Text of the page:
1. Take a camera with lots of extra memory cards. I took tons (I’m talking over 1,000) of pictures in my travels there. Most of the Peruvians loved having their picture taken and a picture is worth a 1,000 words.

    2. Don’t wear shorts through the jungle. Exhibit A: my bit up legs. It was hot and I had no desire to wear my dirty jeans through the swamps, so I chose running shorts. Poor idea. On another note, get yourself some anti-malaria medicine if you’re going to a high-risk area.

    3. Try the (cooked) food! Their signature dish is guinea pig and I did give it a try! It tasted like chicken. Did you know Peru has purple potatoes? Bright purple! Don’t drink the water, for the sake of diarrhea! I know from experience…

    4. Get yourself a good pair of shoes. I was constantly exploring, weaving in and out of towns, up and down mountains and my feet thanked my Keens.

    5. Meet the locals. They are the most welcoming people ever. I even got war paint put on my face from a flower. Everything got a little lost in translation and that bright orange paint stayed on my face for quite a few days after.

    That’s all folks! I hope Elissa comes back with stories to share to all of us and maybe even a souvenir for me…(cough, cough, I LIKE SCARFS).

    Source: Michelle’s own photos

    From Kelly…

    October 20, 2011

    If I had to choose a travel companion my friend Kelly would be at the top of my list. She’s spontaneous, energetic, has some fabulously curly hair (which is irrelevant in this context but fun nonetheless) and always keeps me grounded. She’s been fortunate to travel in the last couple years to Honduras, Kenya and Amsterdam, just to name a few, and always comes home with great stories. She’s definitely got me thinking about taking a more relaxed and easy-going approach to this trip. It truly is the best way to see a city.


    Traveling, for me, is all about cultural experiences – art, beauty, history, tradition. However, I’ve learned that there’s a time for purchasing $60 museum tour tickets in advance and a time for getting thrifty and living in the moment. Be it on the streets of Amsterdam or off the coast of Roatan or in a Lion King-esque valley of Kenya, the culture of a particular place is screaming out all around you. You see it in a street performer. You hear it through the banjo of a local band. It’s in the food and the interactions you have with other people. Next trip, I’ll opt to take a long walk over waiting in a long line.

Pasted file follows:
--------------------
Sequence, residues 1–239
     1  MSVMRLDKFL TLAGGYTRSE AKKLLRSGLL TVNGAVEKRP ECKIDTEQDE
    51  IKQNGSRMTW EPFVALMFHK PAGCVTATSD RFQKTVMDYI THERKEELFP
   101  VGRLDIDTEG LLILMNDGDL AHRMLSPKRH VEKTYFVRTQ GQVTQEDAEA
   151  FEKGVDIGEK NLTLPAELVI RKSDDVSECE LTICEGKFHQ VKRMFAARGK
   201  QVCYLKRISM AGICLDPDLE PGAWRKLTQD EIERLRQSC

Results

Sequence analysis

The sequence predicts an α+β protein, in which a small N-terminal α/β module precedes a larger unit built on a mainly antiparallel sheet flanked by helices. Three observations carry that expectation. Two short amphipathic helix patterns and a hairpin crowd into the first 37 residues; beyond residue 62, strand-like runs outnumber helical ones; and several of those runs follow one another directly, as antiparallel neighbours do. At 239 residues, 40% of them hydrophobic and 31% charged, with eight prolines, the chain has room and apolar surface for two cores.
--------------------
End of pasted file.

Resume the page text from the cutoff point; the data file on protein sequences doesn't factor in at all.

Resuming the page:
Source: Kelly’s photos from her own travels

    Gone Camping

    July 1, 2011

    The day has arrived! I’m hitting the road in a few hours for a Fourth of July camping extravaganza. My partner in crime for the weekend, Michelle, has taken over writing the blog today while I pack up some last minute things. She put together an awesome list of ten things you didn’t know about camping. I’m not sure if these are making me more or less excited for the days ahead… Either way I’m sure I’ll survive and return on Monday with a delayed weekend wrap up and some good stories. Now onto Michelle!

    Hey Bloggers! Liss graciously asked me to guest blog for her today. I’m not famous nor do I have a blog, but I do love camping! I decided to give all of you 10 camping tips/facts in case any of you are exploring the great outdoors this weekend!

    1. If you are camping in bear country, be sure to cook at least 300 feet downwind of your sleeping area. Baking soda will rid your clothes and hands of cooking odors.
    2. Instead of packing a bulk pillow, use a large ziplock bag, filled with air.
    3. Waterproof matches by dipping them in nail polish
    4. A skunk’s smell can be detected by a human a mile away—stinky stinky!
    5. Keep batteries in a prescription bottle for a watertight seal.
    6. To keep mosquitoes away rub the inside of an orange peel on your face, arms and legs
    7. An empty plastic soda bottle, cut off to a convenient height, will work as a camp bowl. You may want to sand paper the edges so you don’t get cut.
    8. Bugs hate fire, so keep a lively one burning especially at your camp during waking evening hours but also in the daytime if bugs are bad.
    9. Position your tent with the entrance away from the wind. You will be warmer in cold weather. You also want to be aware of where your fire will be so that the tent is not full of smoke when you are ready to go to bed.
    10. Last but not least- RELAX, HAVE FUN, and BRING SOME VINO!!

    Have a Happy Fourth, everyone!

    Source: TKoW, Moth Design, vineet kaur, Pinterest